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Page 255

THE TARPEIAN ROCK

would still come to this beach to the end of the centuries, and for them our frightful adventure would be only a cold page of history!

My boat, the Monarch of Bermuda, left from Glasgow. In Tragedie en France I have described that sunny crossing, the deck covered with children, the destroyers that accompanied us and my small cabin-mate Adrian Van Millingen. He was only seven or eight years old but he had the courage and the deportment of a man. In my book I described him without giving his name or that of the boat. Nevertheless his family recognized him and wrote to me. At the end of ten days we arrived in Halifax. There I learned first from a Canadian newspaper man, and later from a telegram, that my wife was waiting for me in Montreal. Since our separation in Neuilly we had had no letters from each other. Nevertheless we had written, and it is a curious fact that two letters written on the same day (the 14th of June, 1940), one by me in London, the other by Simone in Perigord, reached us on the same day in New York, three months late. Mine recounted what I have told at. the beginning of this chapter. Here is a fragment of my wife's:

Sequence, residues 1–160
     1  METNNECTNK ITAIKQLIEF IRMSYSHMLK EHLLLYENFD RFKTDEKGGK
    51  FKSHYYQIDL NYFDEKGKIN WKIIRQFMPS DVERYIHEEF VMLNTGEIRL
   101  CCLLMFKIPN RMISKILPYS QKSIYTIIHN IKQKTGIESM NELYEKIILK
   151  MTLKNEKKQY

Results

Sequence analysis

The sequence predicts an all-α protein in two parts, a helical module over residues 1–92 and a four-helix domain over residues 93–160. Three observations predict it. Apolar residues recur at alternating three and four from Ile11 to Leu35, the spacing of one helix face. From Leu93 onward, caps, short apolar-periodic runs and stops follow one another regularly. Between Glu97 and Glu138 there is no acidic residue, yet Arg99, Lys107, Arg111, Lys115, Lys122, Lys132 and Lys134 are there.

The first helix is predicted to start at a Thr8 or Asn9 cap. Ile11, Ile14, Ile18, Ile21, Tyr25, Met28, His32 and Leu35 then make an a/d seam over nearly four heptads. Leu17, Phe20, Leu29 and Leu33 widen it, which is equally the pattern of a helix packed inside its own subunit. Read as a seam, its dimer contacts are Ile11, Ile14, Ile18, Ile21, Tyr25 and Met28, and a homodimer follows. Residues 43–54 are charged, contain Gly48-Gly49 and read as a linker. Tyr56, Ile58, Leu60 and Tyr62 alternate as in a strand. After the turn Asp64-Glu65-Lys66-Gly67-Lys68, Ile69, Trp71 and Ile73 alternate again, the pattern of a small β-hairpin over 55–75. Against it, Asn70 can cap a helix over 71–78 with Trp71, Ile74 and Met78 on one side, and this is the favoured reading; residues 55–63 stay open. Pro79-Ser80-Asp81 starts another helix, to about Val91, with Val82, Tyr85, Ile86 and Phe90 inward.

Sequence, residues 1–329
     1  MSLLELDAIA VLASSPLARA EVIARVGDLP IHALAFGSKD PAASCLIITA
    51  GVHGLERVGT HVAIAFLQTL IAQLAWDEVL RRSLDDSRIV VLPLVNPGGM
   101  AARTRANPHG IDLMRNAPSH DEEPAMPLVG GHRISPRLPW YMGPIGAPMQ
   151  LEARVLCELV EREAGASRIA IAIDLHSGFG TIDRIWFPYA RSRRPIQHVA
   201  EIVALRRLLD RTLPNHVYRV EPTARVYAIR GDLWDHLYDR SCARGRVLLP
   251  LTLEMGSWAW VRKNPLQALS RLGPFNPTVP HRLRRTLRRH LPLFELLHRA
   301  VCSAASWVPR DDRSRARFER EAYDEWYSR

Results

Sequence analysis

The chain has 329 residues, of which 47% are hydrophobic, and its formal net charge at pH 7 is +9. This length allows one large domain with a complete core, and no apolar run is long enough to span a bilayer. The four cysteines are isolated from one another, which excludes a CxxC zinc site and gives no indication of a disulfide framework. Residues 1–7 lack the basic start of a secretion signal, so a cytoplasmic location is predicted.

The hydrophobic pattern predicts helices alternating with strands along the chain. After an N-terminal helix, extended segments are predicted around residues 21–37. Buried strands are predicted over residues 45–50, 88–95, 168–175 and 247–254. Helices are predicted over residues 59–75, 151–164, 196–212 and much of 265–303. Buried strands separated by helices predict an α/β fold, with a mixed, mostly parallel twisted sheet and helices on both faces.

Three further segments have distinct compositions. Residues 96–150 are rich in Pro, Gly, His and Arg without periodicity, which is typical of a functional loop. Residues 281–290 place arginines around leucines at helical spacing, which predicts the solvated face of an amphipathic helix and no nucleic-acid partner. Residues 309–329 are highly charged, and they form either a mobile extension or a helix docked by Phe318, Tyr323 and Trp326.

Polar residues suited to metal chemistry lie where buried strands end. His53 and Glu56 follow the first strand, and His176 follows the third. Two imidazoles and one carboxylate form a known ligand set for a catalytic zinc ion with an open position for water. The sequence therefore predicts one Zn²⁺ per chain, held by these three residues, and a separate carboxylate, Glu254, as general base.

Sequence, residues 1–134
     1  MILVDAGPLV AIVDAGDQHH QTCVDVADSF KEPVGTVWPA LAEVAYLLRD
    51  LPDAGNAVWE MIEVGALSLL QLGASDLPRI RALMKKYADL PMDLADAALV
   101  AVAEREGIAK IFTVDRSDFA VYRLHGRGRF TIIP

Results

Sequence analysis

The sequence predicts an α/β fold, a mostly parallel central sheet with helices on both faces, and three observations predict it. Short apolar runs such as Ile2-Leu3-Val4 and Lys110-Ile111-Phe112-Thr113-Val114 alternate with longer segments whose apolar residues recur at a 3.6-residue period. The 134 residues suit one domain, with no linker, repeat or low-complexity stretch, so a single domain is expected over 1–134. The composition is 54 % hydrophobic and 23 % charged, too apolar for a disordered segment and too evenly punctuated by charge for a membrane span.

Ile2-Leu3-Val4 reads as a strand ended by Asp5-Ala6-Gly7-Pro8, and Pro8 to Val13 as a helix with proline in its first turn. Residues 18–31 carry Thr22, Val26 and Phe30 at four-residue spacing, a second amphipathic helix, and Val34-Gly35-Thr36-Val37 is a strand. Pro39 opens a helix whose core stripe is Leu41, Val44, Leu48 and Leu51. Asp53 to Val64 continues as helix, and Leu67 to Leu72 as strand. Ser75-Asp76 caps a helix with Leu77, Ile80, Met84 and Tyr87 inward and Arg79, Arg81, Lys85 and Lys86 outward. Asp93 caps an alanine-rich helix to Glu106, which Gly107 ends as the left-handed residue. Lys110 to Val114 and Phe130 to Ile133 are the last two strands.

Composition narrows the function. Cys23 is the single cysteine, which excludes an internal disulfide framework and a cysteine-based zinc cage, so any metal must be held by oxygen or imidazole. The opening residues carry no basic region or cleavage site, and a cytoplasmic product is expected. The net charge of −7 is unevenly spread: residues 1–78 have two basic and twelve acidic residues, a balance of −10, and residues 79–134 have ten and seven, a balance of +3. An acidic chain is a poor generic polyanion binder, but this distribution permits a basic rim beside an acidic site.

My dearest, I am addressing this letter to the French Embassy and I hope that they will forward it to you. Where are you? What has become of you? When shall I see you again? ... Since our separation on Monday I have been ceaselessly posing these questions.